Last Updated Jun 2, 2011 2:46 PM EDT
I've got a tax tip that won't save you any money, but it will save you something far more valuable . . . time. The IRS says the average American spends 21.4 hours completing their 1040 tax return. It's this "hidden" tax -- the sacrifice of not your dollars but your other 8 hours -- that you can reduce. And the good news is this tax tip won't increase your risk of an IRS audit.
Here are three ways to save time filing your taxes:
| 1. Mint.com |
I love this free service. If you haven't heard of it yet, do yourself a favor and check them out. Mint is an online budgeting site for people who hate budgets. They are magicians. Through sleight of hand, your budget will appear with very little effort on your part. But in addition to helping you budget and providing cost-saving offers, the service is brilliant at organizing your financial life. It consolidates all of your savings, investment, credit card, and other financial accounts onto one page.
When it comes time to file your taxes, you can quickly run reports showing your medical expenses, charitable contributions, business expenses, etc. Forget the shoebox because you'll have all of your data categorized and ready to go.
Mint was recently purchased by Intuit, the company who makes Quicken, QuickBooks, and the do-it-yourself tax prep software, TurboTax. Although they wouldn't confirm, my guess (and hope) is that you'll be able to export your Mint data directly into TurboTax -- thus saving even more time.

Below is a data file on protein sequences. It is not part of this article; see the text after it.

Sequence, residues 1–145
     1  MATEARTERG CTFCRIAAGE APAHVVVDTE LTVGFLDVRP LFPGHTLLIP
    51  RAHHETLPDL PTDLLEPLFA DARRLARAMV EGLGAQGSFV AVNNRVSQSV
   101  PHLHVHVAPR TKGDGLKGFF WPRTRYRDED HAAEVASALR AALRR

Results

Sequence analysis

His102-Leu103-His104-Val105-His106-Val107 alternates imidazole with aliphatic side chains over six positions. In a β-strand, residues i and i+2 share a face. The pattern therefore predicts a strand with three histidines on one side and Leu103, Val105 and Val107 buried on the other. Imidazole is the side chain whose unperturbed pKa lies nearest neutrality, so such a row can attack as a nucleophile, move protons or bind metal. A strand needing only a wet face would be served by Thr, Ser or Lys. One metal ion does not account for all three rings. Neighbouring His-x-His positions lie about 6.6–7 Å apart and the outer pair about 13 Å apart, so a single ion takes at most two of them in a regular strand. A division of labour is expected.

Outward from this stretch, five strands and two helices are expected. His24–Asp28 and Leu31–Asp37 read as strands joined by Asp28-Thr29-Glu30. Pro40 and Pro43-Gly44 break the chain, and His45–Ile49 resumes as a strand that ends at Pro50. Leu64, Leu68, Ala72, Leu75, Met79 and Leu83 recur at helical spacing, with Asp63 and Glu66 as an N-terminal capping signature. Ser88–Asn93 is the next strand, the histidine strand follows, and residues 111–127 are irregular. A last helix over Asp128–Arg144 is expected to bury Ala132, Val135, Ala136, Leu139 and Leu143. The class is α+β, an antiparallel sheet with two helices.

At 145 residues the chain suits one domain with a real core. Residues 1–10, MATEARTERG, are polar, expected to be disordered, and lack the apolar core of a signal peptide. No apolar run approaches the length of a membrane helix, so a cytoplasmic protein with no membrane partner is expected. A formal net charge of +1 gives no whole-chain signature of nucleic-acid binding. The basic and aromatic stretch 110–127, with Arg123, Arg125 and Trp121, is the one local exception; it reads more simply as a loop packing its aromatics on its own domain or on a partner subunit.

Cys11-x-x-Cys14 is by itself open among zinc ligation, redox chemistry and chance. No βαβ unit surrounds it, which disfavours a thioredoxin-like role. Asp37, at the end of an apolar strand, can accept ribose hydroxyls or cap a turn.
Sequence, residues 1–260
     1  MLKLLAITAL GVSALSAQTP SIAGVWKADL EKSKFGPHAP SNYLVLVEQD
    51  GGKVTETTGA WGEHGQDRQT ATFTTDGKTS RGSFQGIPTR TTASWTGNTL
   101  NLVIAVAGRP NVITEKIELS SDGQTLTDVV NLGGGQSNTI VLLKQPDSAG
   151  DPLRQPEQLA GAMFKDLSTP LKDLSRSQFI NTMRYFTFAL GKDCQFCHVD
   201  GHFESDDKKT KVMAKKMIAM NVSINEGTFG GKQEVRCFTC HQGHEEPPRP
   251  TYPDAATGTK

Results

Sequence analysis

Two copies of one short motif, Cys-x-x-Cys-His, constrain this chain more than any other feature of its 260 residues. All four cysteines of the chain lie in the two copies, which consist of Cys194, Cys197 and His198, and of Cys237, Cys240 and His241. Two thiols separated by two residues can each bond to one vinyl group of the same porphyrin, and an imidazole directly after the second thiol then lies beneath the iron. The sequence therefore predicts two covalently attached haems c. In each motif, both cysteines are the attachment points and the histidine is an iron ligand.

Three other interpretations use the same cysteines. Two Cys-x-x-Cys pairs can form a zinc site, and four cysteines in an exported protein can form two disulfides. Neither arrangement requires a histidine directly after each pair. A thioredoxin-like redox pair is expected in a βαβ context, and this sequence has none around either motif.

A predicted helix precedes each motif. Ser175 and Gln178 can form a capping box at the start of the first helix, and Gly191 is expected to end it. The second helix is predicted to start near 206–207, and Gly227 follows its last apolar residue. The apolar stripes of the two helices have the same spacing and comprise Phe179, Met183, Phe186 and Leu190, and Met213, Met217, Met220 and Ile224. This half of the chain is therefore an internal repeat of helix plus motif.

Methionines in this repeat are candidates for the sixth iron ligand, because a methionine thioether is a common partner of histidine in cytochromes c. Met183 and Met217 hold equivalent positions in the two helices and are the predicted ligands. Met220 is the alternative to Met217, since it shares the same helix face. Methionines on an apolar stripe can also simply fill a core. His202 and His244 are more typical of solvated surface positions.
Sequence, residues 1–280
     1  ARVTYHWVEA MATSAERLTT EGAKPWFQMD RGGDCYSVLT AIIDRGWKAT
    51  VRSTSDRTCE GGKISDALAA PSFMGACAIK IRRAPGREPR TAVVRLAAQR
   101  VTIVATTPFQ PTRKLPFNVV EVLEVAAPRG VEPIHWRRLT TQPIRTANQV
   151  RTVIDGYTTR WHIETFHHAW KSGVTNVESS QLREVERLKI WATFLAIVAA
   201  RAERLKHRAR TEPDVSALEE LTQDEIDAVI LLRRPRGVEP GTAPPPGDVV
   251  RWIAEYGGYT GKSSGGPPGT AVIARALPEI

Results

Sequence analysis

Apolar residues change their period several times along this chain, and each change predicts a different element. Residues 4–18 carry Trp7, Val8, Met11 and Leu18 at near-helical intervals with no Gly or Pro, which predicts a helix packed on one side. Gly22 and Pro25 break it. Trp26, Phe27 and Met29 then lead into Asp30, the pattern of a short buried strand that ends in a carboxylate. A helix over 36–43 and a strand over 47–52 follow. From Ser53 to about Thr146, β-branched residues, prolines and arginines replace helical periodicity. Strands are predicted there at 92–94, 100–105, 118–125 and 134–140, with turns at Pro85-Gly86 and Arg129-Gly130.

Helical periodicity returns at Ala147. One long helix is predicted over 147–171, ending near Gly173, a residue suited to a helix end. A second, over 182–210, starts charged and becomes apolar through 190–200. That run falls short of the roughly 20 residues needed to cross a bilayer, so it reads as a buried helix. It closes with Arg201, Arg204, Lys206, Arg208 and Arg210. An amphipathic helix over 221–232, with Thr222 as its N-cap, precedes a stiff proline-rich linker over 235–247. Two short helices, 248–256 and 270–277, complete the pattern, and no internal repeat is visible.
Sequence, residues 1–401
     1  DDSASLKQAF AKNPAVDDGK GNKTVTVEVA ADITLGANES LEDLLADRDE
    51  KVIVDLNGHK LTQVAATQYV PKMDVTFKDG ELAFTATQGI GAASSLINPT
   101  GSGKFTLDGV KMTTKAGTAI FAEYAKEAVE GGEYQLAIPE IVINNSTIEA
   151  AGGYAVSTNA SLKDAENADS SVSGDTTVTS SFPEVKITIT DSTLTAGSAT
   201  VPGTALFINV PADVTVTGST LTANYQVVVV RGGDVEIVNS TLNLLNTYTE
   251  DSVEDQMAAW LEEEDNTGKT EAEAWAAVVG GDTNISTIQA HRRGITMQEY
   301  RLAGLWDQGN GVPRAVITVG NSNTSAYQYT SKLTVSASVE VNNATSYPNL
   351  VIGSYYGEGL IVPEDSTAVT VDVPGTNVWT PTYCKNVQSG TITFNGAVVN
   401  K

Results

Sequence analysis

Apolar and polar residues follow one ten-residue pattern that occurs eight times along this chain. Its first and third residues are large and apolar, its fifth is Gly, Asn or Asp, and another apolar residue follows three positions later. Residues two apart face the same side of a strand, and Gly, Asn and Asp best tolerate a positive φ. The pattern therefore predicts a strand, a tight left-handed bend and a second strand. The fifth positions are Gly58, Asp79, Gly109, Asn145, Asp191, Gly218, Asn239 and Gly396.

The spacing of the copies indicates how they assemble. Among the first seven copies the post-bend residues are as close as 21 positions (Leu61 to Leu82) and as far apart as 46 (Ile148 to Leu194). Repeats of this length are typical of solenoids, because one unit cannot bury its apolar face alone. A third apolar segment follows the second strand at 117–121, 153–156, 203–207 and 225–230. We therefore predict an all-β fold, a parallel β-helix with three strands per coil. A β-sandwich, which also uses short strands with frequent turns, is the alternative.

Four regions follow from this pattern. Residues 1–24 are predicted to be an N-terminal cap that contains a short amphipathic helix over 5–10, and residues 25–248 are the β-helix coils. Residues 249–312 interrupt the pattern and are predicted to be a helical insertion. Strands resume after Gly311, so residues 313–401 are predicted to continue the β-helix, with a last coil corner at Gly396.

| 2. Tax Organizer |
One of the most important IRS rules is to keep copies of your receipts, donation forms, etc. If you're like me, organizing all of this stuff is a nightmare. Fortunately, you can save yourself a lot of time and hassle. Here are a few options:
Option 1: Get big box. Write "Tax Stuff" on big box. Dump everything and anything remotely related to taxes into this box throughout the year. Primitive? Yes, but it actually is effective and saves a ton of time.
Option 2: Get a fancy tax organizer. Instead of the dump-everything-into-one-box approach, these organizers have different sections for medical receipts, 1099s, charitable donations, etc. Google "tax organizer" for more info.
Option 3: Go digital. Scan all of your documents into PDFs on your computer. You can then use a program such as FileCenter to easily and efficiently organize the files. When it comes time to do your taxes, everything is ready to go.
| 3. Outsource |
Hire a CPA to do your taxes. This will undoubtedly save you time, but because you still have to be somewhat organized, I'd still recommend Mint and/or a tax organizer. Is it worth the cost? In addition to saving time, a good CPA should also be able to make strategic recommendations that can save you money.
If these time-savings tips are not sufficient, you could always move to Dubai, which has no income tax.
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(Clock image by zoutedrop, CC 2.0)